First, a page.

“I’ve been on a journey,” she said. “God’s never left me, but I’ve left Him. I’m living proof that God wastes nothing. These women do not feel worthy. I needed to tattoo that on my forearm. I look at my arm and see this word multiple times daily, which reminds me.
“I see these women come in and feel so unworthy … but we are because He is. God is worthy of our praise, and we are His daughters, and that makes us worthy.”
While worthy2 is based in Opelika, Guthrie and her team work across the state and partner with other ministries in Alabama and Georgia. They also work in a support role as advocates with federal, state and local law enforcement agencies.
She and her team worked closely with five women who recovered from sex trafficking in Montgomery in September 2020. They were able to witness when, two years later, the women walked in “with God as the lifter of their heads. With His amazing grace and courage, they testified against their trafficker. For these survivors to see that kind of restoration, closure and grace was amazing. They are ‘our girls.’ We walk with them from when we first meet them all the way through, from detox to long-term recovery programs to family court if there are custody issues. If they were actively being trafficked and incurred felony charges, we walk them through the expungement process, so they begin their new lives with a clean record.
“We walk them from the beginning to full freedom.”
A lot of people don’t see the women as victims, Guthrie said. They see them as drug-addict prostitutes. But rather, there is fear, force, fraud, and coercion. They are controlled with food and drugs. The psychological warfare, one survivor told Guthrie, can be worse than any physical beating they take.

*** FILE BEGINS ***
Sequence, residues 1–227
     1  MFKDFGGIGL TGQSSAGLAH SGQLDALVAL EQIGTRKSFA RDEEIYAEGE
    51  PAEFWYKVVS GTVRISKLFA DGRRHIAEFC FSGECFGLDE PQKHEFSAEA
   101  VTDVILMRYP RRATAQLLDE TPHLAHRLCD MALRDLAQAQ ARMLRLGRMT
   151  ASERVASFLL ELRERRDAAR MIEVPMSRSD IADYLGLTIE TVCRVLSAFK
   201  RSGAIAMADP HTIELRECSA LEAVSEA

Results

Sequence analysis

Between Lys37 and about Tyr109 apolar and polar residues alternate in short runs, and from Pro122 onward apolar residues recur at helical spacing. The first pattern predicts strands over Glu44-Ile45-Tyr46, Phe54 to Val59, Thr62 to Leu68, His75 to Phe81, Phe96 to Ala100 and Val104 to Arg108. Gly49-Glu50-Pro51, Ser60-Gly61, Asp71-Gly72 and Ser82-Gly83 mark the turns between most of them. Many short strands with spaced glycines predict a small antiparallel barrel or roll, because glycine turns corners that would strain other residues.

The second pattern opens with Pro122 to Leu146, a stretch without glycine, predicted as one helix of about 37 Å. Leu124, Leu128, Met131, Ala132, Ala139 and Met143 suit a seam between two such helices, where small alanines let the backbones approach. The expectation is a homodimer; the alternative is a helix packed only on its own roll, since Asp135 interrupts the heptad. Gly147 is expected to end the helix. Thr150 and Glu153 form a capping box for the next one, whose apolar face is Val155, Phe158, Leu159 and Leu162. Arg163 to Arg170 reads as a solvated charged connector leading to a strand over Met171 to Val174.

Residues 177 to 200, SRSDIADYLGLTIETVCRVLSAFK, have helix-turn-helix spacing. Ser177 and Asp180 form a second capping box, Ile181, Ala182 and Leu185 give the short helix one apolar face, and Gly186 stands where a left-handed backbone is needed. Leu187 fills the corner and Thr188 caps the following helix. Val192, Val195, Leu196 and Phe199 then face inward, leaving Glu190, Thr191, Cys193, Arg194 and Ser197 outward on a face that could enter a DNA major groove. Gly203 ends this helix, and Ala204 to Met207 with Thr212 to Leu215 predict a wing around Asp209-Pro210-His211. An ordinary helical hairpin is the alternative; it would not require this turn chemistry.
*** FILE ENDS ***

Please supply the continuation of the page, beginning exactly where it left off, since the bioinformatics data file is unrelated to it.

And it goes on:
“The law enforcement team that we work with sees them as victims,” she said. “It’s a cultural mind shift not just for law enforcement but with people, in general, to see them as victims. We couldn’t even talk about it here five or six years ago. But now, people do understand it’s happening.”
While the victims are initially recovered from the streets, it may take three or four interactions with them before they admit they are being sexually exploited.
“The most amazing thing is that there is an anointing – a gift from God – that we can establish a trust with them,” Guthrie said. “We tell them we will never judge them and that we’ll always tell them the truth.
“It is such an honor and a blessing when they let us in. I get so emotional about it because they come to trust us. We become their people. The trust they give us – to be able to build that relationship – is just an honor.
“We don’t always get a success story, but we always plant that seed. Sometimes the women leave and don’t come back. Every woman on our team or that we partner with has a story. It makes a difference when we share that and can empathize and have compassion.
“We do know the number one weapon against this is prayer,” she said. “And we pray there’s forgiveness and salvation at the end of the day.”
How to Volunteer
Visit www.worthy2.org and click
on the “Join the Fight” tab
If you, or someone you know, needs
help contact the worthy2 HelpLine at
By the Numbers
In 2021: 321 victims were identified
32 survivors are still in contact with worthy2
15 survivors in residential treatment
programs 10 survivors are fully restored.